of fact, examination of the scene and the petitions and motions employed to
   enforce discovery rights. The theory of broad rights of discovery is that all
   parties will go to trial with as much knowledge as possible and that neither
   party should be able to keep secrets from the other (except for constitutional
   protection against self-incrimination). Often much of the fight between the
   two sides in a suit takes place during the discovery period.

"typically (could) include errors of law, fact, or procedure"

n. a formal request made to a judge for an order or judgment. Motions are made in 
   court all the time for many purposes: to continue (postpone) a trial to a later date,
   to get a modification of an order, for temporary child support, for a judgment, for
   dismissal of the opposing party's case, for a rehearing, for sanctions (payment of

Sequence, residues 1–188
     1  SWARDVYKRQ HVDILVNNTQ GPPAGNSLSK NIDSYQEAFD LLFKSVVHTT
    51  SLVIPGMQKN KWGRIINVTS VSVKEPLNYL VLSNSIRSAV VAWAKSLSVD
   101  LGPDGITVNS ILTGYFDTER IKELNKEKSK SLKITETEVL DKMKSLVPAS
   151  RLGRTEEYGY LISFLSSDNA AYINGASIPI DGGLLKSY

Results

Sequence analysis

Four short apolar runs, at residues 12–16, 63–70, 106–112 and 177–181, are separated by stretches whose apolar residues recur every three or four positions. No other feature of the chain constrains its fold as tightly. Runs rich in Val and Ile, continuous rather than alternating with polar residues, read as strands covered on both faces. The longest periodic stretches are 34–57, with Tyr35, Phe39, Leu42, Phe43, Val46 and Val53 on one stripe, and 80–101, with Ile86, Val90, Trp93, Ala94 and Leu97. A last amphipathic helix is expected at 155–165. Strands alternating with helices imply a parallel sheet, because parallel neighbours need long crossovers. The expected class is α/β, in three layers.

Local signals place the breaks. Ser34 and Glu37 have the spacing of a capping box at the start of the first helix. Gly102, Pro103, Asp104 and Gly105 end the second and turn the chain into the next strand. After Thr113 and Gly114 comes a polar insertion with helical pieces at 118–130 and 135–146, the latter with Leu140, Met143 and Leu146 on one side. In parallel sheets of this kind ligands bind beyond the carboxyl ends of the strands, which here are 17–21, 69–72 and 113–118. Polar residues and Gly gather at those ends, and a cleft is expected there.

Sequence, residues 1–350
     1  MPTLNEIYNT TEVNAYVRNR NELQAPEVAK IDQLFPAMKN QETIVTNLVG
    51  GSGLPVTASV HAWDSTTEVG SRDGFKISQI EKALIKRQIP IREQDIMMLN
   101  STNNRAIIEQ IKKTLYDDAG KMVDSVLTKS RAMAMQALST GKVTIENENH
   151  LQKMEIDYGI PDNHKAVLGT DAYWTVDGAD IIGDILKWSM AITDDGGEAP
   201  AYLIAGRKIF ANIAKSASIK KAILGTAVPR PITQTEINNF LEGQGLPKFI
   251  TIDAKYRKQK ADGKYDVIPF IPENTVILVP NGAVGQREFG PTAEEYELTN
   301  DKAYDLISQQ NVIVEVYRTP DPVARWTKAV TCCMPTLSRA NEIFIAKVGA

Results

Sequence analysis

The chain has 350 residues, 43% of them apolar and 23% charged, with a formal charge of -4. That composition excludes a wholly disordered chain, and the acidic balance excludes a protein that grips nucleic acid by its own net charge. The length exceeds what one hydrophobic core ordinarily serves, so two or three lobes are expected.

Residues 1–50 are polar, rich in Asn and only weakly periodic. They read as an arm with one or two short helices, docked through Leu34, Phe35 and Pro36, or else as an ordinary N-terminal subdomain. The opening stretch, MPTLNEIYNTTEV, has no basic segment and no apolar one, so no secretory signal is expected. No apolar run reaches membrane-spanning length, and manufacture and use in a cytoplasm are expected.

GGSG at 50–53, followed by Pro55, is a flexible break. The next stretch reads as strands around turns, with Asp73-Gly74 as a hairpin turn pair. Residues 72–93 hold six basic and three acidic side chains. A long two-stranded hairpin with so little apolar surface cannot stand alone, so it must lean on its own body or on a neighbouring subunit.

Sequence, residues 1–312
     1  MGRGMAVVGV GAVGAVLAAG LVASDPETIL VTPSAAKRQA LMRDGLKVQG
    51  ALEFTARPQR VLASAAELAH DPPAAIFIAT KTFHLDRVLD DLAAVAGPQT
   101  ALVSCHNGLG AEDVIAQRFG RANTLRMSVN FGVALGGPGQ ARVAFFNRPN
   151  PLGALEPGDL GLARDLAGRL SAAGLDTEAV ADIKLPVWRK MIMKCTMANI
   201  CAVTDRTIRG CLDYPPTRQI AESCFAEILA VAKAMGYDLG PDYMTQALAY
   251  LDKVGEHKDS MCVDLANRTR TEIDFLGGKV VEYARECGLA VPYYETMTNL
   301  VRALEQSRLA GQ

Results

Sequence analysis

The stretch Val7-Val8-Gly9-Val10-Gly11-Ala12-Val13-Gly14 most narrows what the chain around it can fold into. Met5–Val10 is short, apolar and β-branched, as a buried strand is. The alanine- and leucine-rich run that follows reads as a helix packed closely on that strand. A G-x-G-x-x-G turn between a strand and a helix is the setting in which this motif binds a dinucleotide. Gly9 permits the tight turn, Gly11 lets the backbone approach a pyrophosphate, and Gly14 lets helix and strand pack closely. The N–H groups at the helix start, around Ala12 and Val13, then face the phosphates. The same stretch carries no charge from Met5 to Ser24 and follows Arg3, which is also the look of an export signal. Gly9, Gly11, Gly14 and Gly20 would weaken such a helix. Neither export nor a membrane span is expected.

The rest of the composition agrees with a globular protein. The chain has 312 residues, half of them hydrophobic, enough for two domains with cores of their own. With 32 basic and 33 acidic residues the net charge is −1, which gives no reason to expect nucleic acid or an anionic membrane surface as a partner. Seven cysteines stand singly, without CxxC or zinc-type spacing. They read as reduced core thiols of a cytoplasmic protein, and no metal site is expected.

the moving party's costs or attorney's fees), or for dozens of other purposes. Most
   motions require a written petition, a written brief of legal reasons for granting
   the motion (often called "points and authorities"), written notice to the attorney
   for the opposing party and a hearing before a judge. However, during a trial or a
   hearing, an oral motion may be permitted.
pro per

adj. short for "propria persona," which is Latin for "for oneself," usually applied
     to a person who represents himself/herself in a lawsuit rather than have
     an attorney.
pro tem

adj. short for the Latin pro tempore, temporarily or for the time being.
     In law, judge pro tem normally refers to a judge who is sitting temporarily
     for another judge or to an attorney who has been appointed to serve as a judge
     as a substitute for a regular judge. When an appeals justice is not available